Ramstedt’s discovery at once saved my life (and I’ve had more than 70 very good years so far), and it has also been responsible for the trauma I and not a few others have had to deal with (often chiefly in private) for most of our lives.

It was quite unintentional, but it is nevertheless true that Ramstedt’s surgical solution for PS effectively and inexorably moved the medical community’s interest away from perfecting the already (and still today) quite effective treatment of PS with cheap and simple medication and careful maternal nursing.  The Ramstedt pyloromyotomy is (as stated above) in itself what many surgeons call “elegant”: it is easy, quick and usually effective.  But until quite recently the surgery and what came with it could be very severe and traumatic on the baby and also on the parents, and it was associated with more (and more severe) risk factors than the medical alternative.

Thus the Ramstedt pyloromyotomy helped fuel the ascendancy of the power and prestige of the surgeon with which some of us are all too familiar today!  We must remember that specialist and high technology medical science has been very largely responsible for our rising health standards and life expectancies, but in fact PS is one of the maladies that can in most cases be brought under control by medical means and with surgery kept as a last resort.  In some developed countries, PS continues to be managed in this manner, and in many developing countries, medical treatment is far more affordable and widely available, and thus the first option.

So Ramstedt’s operation short-circuited interest in understanding and managing the causes, pathogenesis (biochemical development such as proposed by Dr Ian M Rogers) and even prevention of PS.

Whilst I am deeply grateful for the operation that saved my life and realise that in my case surgery may well have been the only responsible remedy, I have often wished that I could have been treated more gently, without a disfiguring scar, and without inflicting life-long trauma on my parents and me.

And in this wish I am not alone.

10 thoughts on “Pyloric Stenosis’ Game-changer

  1. Wendy

    Parents need to have a choice about treatment options for their babies with PS, which most currently do not. Wouldn’t it be great if parents could choose between the medical treatment of PS and the surgical? Parents could figure out what’s best for their family with, of course, their doctor’s help. But with regard to PS, at least in America, the remedy is one size fits all. Sometimes a choice is not possible because the baby is in danger, as was I in 1952. But that was because my mother’s concern with my losing weight was pooh-poohed by the doctors and attributed to my mother’s inability to breastfeed properly. So by the time the doctors gave in and said, yes, she has PS, I needed the surgery desperately. In cases in which PS is detected early however, parents should have the option to decide the type of treatment their baby receives. Certainly if Dr. Rogers’ hyacidity theory were taken seriously, “elegant” medical treatments would be developed, I am sure of this.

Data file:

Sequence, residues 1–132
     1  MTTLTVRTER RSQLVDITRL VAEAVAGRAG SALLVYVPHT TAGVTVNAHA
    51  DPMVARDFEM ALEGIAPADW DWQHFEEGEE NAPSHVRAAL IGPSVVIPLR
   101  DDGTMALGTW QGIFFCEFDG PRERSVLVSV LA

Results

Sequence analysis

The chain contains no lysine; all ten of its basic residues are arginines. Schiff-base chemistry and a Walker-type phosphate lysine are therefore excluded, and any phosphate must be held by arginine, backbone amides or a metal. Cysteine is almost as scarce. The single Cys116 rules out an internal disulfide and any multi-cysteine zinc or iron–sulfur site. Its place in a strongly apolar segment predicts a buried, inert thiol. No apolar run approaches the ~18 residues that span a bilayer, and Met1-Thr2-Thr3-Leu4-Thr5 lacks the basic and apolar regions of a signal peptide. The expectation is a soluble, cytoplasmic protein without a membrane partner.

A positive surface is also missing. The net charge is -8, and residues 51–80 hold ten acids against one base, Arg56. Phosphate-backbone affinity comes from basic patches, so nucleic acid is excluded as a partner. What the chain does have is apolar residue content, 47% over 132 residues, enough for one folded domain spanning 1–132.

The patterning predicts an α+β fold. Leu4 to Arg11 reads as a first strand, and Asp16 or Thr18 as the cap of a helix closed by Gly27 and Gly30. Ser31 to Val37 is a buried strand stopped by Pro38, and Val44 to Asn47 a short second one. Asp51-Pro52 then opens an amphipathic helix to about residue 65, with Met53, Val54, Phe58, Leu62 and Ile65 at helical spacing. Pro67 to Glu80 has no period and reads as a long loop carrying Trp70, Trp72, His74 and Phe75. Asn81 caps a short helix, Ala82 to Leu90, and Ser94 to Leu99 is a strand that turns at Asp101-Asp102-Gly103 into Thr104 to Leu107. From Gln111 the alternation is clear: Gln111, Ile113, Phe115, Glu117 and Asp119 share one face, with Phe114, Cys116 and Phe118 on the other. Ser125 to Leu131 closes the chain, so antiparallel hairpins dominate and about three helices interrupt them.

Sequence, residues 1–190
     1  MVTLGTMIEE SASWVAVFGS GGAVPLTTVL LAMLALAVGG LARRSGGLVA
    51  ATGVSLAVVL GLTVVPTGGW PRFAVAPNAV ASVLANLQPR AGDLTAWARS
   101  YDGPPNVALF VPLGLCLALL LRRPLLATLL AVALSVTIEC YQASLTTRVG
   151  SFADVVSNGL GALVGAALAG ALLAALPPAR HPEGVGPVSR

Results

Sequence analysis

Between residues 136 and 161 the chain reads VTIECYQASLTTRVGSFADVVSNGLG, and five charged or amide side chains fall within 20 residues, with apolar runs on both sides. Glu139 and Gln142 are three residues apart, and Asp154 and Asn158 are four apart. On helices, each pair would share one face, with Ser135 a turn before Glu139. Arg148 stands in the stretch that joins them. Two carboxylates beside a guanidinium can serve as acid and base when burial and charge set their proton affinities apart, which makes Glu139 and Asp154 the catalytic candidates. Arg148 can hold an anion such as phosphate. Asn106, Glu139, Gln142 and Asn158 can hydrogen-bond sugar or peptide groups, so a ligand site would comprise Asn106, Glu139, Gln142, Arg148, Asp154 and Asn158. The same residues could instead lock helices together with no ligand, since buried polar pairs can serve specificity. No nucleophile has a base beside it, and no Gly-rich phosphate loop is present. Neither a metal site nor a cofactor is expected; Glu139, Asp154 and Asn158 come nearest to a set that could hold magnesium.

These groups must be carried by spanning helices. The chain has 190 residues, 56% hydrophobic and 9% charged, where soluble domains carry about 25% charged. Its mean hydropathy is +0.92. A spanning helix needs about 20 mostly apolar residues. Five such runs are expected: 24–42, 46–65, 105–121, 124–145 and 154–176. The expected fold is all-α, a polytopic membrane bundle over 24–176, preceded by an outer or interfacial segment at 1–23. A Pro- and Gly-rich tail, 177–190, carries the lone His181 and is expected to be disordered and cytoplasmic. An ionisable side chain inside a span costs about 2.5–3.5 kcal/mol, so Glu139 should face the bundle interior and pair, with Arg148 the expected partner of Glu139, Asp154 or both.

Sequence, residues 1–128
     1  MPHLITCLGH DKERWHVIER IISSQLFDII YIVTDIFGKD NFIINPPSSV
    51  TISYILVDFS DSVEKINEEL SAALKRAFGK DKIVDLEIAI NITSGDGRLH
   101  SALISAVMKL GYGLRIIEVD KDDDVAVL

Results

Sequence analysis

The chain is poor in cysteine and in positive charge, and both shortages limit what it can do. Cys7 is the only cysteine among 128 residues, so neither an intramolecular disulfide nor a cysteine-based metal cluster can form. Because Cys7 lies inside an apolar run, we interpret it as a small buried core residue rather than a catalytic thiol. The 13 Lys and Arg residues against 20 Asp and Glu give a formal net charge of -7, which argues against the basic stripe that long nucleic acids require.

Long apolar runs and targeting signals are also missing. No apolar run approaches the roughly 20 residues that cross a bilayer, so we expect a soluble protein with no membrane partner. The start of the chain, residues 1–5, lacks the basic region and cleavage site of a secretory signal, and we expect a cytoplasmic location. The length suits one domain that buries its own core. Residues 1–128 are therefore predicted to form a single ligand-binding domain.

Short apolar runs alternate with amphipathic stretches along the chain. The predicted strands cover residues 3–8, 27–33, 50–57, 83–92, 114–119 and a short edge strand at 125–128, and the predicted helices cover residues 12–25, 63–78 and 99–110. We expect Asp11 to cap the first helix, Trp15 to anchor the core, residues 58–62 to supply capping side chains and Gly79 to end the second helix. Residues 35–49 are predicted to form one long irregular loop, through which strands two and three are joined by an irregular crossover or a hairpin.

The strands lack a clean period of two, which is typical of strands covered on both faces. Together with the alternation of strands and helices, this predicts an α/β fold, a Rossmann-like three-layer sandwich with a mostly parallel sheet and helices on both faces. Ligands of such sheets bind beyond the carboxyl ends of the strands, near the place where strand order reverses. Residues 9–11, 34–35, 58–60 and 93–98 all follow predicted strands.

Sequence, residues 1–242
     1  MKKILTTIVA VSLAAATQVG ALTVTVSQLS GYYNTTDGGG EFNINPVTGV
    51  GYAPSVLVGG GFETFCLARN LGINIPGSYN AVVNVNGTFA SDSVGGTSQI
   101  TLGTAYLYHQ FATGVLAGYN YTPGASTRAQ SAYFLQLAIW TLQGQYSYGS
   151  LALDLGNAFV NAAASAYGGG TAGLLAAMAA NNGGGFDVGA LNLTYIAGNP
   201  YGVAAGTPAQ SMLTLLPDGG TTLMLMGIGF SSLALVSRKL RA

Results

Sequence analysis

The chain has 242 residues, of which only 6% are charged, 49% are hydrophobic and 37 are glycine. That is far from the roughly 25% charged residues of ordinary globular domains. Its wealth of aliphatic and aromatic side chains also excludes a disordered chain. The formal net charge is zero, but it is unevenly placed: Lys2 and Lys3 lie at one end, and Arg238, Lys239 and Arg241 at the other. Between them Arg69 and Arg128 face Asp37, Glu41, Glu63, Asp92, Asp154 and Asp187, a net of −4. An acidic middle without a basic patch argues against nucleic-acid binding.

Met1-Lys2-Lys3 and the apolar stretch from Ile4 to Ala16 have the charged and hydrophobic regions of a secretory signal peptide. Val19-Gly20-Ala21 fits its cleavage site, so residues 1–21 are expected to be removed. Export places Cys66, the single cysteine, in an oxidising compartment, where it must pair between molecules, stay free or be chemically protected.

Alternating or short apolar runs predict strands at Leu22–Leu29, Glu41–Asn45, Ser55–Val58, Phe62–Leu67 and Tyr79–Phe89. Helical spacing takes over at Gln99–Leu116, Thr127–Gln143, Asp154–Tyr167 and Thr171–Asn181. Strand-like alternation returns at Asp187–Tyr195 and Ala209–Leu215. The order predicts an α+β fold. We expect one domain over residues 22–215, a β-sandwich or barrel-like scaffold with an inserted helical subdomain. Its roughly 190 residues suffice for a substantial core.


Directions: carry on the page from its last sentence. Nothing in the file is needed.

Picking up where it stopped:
2. Lucy squire

    Hello, I had the operation for pyloric stenosis in 1968 and I have a large ugly scar on my abdomen. 2 weeks ago I started having continuous abdominal pain and my doctor felt my abdomen, said I probably have gallstones blocking my bile duct and put me on antibiotics and pain killers. I am having an ultrasound scan on Monday.
    I am so glad I read your page, I will certainly mention the possibility of adhesions from my PS operation.

    1. Fred Vanderbom Post author

      Lucy, thank you for your post. The statistics for my blog show it’s very well read, but it’s comments like yours that put a human face on the figures, give me a better idea of what readers are looking for here, and they also keep nudging me to maintain and add to this blog.
      You will have read that adhesions can prompt doctors to suspect gall-bladder disease, so I trust that your medical advisors are thorough in their diagnostic work before they risk triggering more adhesion trouble for you. Several PS survivors have posted about losing a perfectly healthy gall-bladder – and we only get to know that if our surgeon tells us the whole story! However, gall-bladder problems are quite common, and especially in some families.